Saturday, April 18, 2009


Some excellent news to report, my friends. And those of you with sensitive noses can rejoice with me.

See I am staying in a rather old apartment here in Chicago. Wood floors, ancient crown molding, exposed heating pipes, and some sort of metal dinosaur of a machine in the corner of the dining room that nobody for the life of them can figure out.

All of this is fine. Gives the place character, even.

What is not fine, however, is the horrible and permeating noxious scent that has both the dining room and kitchen completely ensconced. The kitchen, folks. The place where you regularly prepare your food. I have a hard time even opening my mouth when there is a bad smell in the air, let alone opening my mouth and eating things that have been living in the bad smell.

So tonight, for maybe the 51st time since I first got here on Tuesday, I mentioned the terrible smell. Gabi still smelled nothing out of the ordinary--which is something that I will never understand. I like to think of myself as open-minded. I am friends with many different kinds of people, all of whom ascribe to differing beliefs, look differently, and act differently. Doesn't bother me. However, when it comes to crossing the bridge of olfactory perception--sheesh. I am not so great at it. If something smells bad, get me the heck out of there and if you don't agree with me, well then you are wrong.

Wrong, I say.

Like I said, Gabi did not smell anything offensive and to each his own (she says through clenched teeth). My other roommate, Alex, did agree with me, however. And he even went a step further as he rummaged through the coat closet and took out something hanging among the hangers that was filled to the brim with mothballs.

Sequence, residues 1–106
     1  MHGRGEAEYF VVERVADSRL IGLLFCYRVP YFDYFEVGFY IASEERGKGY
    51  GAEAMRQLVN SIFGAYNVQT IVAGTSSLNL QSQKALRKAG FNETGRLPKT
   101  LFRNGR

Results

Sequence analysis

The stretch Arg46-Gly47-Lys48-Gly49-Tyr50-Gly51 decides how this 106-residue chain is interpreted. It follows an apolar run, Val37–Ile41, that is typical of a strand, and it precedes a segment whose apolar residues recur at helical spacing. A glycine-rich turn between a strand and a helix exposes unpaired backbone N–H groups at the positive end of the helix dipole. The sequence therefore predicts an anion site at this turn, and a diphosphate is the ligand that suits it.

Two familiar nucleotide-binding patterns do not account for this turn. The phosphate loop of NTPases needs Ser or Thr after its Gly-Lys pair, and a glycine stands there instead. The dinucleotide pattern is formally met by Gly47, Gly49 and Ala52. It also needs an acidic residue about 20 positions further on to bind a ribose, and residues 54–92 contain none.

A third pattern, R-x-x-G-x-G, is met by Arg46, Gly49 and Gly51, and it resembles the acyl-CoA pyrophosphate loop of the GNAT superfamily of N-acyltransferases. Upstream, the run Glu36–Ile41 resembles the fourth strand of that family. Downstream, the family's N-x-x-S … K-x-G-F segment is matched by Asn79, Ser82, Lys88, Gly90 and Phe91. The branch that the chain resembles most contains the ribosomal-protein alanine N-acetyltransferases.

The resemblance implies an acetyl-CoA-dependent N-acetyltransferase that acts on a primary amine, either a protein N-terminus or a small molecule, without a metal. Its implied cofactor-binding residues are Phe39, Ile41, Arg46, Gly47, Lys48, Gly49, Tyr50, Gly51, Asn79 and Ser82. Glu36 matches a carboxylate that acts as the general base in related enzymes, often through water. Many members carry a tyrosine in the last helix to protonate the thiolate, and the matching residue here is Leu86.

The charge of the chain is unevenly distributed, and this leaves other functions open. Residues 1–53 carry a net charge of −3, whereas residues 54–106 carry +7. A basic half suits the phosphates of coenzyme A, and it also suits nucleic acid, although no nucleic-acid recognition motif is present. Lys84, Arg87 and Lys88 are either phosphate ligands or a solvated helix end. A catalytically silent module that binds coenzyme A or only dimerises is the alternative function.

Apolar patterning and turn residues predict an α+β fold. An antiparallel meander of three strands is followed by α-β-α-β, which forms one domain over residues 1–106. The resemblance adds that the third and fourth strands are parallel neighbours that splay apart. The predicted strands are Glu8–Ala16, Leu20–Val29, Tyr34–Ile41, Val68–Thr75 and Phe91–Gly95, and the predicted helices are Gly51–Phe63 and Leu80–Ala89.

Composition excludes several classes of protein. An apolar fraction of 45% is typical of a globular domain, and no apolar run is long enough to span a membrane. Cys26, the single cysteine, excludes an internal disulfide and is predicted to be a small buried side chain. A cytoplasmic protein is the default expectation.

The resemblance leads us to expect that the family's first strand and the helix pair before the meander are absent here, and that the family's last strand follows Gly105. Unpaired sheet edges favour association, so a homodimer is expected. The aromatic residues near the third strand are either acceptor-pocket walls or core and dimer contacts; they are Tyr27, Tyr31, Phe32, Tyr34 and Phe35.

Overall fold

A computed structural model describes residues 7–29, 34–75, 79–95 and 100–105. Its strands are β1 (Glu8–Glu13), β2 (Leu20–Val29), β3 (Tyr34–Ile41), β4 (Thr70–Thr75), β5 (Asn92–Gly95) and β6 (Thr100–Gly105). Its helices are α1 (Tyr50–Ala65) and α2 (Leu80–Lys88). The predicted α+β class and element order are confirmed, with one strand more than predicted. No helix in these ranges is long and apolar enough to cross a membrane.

Can we get rid of it, I asked?

Noticing the fire of near madness in my eyes, Alex assented (wise man) and quickly placed it in the back staircase which is right outside of our apartment.

And at the moment that we closed the door to the mothballs and banished them from our living space forever, a hallelujah chorus might have started.

Already the place smells much better. And it will never cease to amaze me why anybody thinks that mothballs are a good idea. Never.


jason said...

Yes, I know the feeling. I actually wish you could hire a professional smell detective who would track down the source of a the smell and offer a solution! I'd hire one!

Jessica Latshaw said...

I wonder if I could become a professional smell detective--I have quite a sniffer, if I do say so myself!!!

peaj said...

Mmmm, mothballs. ;-)

Here's a sniffer pro.

Jessica Latshaw said...

Lol--the sniffer pro;-)

kathiek said...

John often teases me that I am in the wrong line of work...he thinks I should be in a career that makes greater use of my olfactory sense.

People use moth balls to keep insects away, but cedar blocks are a much better, and more pleasant-smelling, alternative. They are also safer. And when the smell of the cedar fades, you just sand down the block a bit and, voila, scent renewed!

Jessica Latshaw said...

yes, I'd much rather smell some cedar than a moth ball any day!!!